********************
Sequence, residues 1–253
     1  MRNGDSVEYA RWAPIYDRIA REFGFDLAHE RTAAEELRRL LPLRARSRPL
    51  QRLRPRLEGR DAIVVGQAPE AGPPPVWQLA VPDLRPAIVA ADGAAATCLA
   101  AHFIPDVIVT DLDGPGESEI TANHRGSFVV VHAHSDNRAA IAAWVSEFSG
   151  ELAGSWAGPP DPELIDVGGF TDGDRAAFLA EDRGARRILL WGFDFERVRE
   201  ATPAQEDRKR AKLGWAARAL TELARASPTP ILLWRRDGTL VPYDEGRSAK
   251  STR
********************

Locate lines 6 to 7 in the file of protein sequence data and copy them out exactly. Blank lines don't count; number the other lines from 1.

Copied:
   201  ATPAQEDRKR AKLGWAARAL TELARASPTP ILLWRRDGTL VPYDEGRSAK
   251  STR